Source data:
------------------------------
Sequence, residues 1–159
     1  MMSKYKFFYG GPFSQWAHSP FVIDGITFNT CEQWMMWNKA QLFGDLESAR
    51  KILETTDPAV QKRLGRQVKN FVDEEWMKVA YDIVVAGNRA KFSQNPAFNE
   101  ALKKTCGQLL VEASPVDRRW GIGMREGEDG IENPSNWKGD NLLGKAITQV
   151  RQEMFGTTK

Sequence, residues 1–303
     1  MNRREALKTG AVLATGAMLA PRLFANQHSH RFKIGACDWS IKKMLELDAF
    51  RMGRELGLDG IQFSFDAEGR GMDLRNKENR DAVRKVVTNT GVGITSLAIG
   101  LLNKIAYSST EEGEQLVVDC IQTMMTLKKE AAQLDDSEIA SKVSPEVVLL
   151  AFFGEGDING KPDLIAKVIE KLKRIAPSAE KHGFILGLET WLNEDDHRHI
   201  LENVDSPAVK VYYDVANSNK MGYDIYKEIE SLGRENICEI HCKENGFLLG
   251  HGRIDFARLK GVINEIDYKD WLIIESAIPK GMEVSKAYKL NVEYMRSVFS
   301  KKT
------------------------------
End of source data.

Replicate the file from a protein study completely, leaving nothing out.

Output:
Sequence, residues 1–159
     1  MMSKYKFFYG GPFSQWAHSP FVIDGITFNT CEQWMMWNKA QLFGDLESAR
    51  KILETTDPAV QKRLGRQVKN FVDEEWMKVA YDIVVAGNRA KFSQNPAFNE
   101  ALKKTCGQLL VEASPVDRRW GIGMREGEDG IENPSNWKGD NLLGKAITQV
   151  RQEMFGTTK

Sequence, residues 1–303
     1  MNRREALKTG AVLATGAMLA PRLFANQHSH RFKIGACDWS IKKMLELDAF
    51  RMGRELGLDG IQFSFDAEGR GMDLRNKENR DAVRKVVTNT GVGITSLAIG
   101  LLNKIAYSST EEGEQLVVDC IQTMMTLKKE AAQLDDSEIA SKVSPEVVLL
   151  AFFGEGDING KPDLIAKVIE KLKRIAPSAE KHGFILGLET WLNEDDHRHI
   201  LENVDSPAVK VYYDVANSNK MGYDIYKEIE SLGRENICEI HCKENGFLLG
   251  HGRIDFARLK GVINEIDYKD WLIIESAIPK GMEVSKAYKL NVEYMRSVFS
   301  KKT